Figure 3 shows the coefficients of with respect to the Fermi level for pure Friedel impurities with and very different -hopping strengths . It also shows the corresponding coefficients of for FA impurities with and different (which yield many orders of magnitude of different Kondo energies). In addition Figure 3 shows the effect of different for a FA impurity with , , and . The Kondo energy is about . For the smallest energy spacing is about . Still the curve is relatively close to the universal curve although Table 1 shows that its is less close to one than for larger . For values of where the smallest level spacing is of the order of the Kondo energy or larger the value of decreases. Then the state can no longer be expressed as and the splitting of into two single-electron states with opposite spin becomes meaningless.

Figure 3: This figure shows the coefficients of the state for three different impurities, F: Friedel, FA: Friedel-Anderson, and K: Kondo. The coefficients are counted from the Fermi level. Most curves are for , but one curve is for a FA impurity with and . The curve shown is super-universal because it is independent of the kind of impurity (F, FA, K), independent of , and independent of and other parameters as long as there is a resonance exactly at the Fermi level.

I also performed the same calculation for a Kondo impurity. The parameters are collected in Table 1 as well. The same behavior is observed. Figure 3 includes the coefficients of a Kondo impurity with and as open stars.

The interpretation of the above results is that the complexity of the solutions of the FA and the Kondo impurity is not felt at energies sufficiently below the Kondo energy. We know from Wilson’s renormalization calculation that the structure of the ground state changes dramatically when the smallest level spacing is of the order of the Kondo energy. After this metamorphosis the renormalization approaches a fixed point. From this behavior Nozieres [25] developed the Fermi liquid theory of the Kondo impurity (which applies also to the FA impurity). The present calculation provides quantitatively a universal state , which has to be incorporated into the ground state for both spins when the Wilson basis is increased by 2 states. The fact that this is the same state for any impurity with a resonance at the Fermi level demonstrates that the Kondo and FA impurities have a resonance at the Fermi level. The result suggests an induction rule for the ground state with increasing number of Wilson states.

The accuracy of relation (8) is given by the scalar product between the left and right side. This is for the FA impurity and already 0.996 (i.e., equal to ) and approaches the value one with increasing .

The fact that is the same state for any impurity with a resonance at the Fermi level is at the heart of our earlier discussed fidelity calculations. The fidelity is the scalar product between the ground states of the symmetric Friedel and FA impurities, , which is compared with the corresponding scalar product in the -basis . (In both cases the bands are half-filled.) According to our present result we can express the latter as This relation confirms that the fidelity between the symmetric FA and the symmetric Friedel impurity approaches a finite value with increasing and does not experience an Anderson orthogonality catastrophe. Equation (8) yields an asymptotic recursion formula to construct from a given , where is sufficiently large so that the smallest level spacing in the -Wilson basis is smaller than the Kondo energy.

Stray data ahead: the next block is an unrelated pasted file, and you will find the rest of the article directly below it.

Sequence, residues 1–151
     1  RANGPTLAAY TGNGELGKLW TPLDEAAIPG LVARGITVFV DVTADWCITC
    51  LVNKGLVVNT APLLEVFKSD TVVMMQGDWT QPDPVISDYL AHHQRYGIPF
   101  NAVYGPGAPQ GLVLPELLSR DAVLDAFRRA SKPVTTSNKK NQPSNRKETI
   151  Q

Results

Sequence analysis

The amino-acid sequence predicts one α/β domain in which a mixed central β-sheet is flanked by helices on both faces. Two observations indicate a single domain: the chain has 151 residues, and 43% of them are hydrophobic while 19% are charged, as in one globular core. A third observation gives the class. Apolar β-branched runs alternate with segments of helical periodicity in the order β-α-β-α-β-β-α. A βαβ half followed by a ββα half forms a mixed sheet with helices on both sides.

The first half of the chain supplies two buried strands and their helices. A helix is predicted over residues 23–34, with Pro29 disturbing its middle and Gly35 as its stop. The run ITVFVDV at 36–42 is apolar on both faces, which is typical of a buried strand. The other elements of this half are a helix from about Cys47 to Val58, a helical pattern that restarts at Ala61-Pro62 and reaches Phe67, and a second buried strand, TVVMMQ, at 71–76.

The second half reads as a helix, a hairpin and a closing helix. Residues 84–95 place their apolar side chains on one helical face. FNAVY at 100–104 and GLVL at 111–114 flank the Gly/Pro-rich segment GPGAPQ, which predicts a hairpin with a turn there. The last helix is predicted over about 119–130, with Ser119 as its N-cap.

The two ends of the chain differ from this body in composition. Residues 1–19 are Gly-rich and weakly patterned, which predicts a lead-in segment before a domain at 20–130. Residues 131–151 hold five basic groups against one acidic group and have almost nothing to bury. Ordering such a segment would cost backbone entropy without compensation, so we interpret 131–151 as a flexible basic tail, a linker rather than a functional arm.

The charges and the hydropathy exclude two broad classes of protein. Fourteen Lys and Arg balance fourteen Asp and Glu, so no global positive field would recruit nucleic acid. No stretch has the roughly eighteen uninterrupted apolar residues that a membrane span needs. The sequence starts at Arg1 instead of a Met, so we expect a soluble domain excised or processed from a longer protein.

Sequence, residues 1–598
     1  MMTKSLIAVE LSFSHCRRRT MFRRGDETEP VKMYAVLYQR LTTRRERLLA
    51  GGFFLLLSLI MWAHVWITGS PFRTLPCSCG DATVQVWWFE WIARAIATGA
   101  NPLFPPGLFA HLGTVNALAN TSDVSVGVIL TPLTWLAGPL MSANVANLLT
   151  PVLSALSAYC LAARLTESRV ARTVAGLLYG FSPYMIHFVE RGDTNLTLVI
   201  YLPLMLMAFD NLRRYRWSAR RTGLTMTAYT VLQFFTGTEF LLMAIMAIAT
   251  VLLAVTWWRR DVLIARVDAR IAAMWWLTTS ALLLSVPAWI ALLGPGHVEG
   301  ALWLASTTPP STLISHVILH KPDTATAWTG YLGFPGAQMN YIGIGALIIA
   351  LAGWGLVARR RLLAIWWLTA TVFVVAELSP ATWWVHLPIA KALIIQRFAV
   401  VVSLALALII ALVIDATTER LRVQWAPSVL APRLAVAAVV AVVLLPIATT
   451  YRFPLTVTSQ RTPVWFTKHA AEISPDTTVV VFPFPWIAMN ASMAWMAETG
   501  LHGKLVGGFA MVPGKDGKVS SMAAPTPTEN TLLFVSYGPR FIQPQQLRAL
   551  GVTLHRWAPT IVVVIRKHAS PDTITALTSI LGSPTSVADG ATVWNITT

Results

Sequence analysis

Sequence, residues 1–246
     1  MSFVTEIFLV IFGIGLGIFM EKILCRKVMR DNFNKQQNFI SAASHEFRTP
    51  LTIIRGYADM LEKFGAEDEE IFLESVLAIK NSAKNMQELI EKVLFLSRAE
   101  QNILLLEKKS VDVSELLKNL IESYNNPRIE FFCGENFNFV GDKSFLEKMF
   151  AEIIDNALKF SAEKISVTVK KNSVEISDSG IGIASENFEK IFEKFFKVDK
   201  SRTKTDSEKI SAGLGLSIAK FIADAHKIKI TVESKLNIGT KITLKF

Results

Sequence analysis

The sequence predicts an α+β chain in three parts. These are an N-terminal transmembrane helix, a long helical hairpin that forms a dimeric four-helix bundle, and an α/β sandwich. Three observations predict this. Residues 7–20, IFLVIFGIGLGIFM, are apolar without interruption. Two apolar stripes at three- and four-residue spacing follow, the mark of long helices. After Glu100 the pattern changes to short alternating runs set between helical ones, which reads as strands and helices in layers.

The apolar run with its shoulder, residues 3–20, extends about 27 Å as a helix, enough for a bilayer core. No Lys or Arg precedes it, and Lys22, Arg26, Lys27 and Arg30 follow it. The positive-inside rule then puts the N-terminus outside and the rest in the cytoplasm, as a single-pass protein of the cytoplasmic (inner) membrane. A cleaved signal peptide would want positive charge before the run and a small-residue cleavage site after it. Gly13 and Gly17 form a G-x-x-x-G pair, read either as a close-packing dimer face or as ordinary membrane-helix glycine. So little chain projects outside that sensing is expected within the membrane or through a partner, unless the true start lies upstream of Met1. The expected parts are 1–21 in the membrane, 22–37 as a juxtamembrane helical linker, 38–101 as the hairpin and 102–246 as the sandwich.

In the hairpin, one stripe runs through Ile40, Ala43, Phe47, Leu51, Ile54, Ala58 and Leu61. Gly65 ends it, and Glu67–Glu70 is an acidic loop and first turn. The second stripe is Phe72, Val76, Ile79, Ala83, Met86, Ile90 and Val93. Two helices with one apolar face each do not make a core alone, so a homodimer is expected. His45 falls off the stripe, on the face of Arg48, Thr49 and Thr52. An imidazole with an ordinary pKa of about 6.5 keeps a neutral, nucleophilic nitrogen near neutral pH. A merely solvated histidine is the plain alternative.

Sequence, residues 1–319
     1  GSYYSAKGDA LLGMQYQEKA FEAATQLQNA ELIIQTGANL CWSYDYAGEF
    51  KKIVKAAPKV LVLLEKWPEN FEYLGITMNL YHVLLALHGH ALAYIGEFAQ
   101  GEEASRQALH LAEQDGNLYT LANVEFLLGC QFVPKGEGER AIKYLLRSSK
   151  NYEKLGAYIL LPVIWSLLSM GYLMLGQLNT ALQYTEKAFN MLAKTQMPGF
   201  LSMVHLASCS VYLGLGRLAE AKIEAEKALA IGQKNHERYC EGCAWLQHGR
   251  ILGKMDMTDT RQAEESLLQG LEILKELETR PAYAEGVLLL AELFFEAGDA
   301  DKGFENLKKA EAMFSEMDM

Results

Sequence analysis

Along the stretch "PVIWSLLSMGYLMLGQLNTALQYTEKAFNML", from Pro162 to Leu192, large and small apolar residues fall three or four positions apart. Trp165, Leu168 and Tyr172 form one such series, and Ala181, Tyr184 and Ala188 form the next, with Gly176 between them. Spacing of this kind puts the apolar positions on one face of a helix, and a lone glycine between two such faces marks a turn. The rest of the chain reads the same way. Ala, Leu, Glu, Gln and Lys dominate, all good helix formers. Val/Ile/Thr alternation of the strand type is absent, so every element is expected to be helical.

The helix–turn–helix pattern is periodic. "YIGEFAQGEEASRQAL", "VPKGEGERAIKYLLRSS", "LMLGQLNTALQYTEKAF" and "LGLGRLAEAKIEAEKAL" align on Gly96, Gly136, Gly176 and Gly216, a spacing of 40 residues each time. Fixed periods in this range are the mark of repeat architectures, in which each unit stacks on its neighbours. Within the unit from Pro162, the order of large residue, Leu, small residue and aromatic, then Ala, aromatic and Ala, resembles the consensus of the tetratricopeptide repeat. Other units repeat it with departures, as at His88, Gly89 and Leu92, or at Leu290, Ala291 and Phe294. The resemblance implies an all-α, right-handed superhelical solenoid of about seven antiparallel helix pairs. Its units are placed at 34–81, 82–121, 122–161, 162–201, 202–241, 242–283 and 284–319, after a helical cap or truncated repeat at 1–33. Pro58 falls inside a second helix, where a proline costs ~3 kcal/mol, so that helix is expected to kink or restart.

4. Conclusion

In the Wilson basis one can easily introduce two new states by splitting each of the states directly below and above the center of the band into two states of equal weight, creating out of two old states four new ones. This reduces the smallest energy spacing by a factor of two and increases the effective number of states by a factor of two. The relation between the ground states and of the two half-filled bands is investigated for several symmetric impurities, the Friedel, the Friedel-Anderson, and the Kondo impurity. The ground states are calculated with the FAIR technique. We observe that for sufficiently large the ground state can be obtained from by multiplying by two single-particle states and . The composition of these states with respect to the Fermi level is independent of (for sufficient large ) and is independent of the resonance width of the impurity. This qualifies the state to be called universal. The state is not just universal for a given kind of impurity. It is superuniversal because it is even independent of the kind of impurity as long as the impurity has a resonance directly at the Fermi level. In particular it is independent of the complexity of the ground state of the FA or the Kondo impurity. All the complexity happens further away from the Fermi level. This result gives a simple confirmation and explanation of our previous fidelity calculations [12]. A similar investigation for the asymmetric FA impurity is in progress.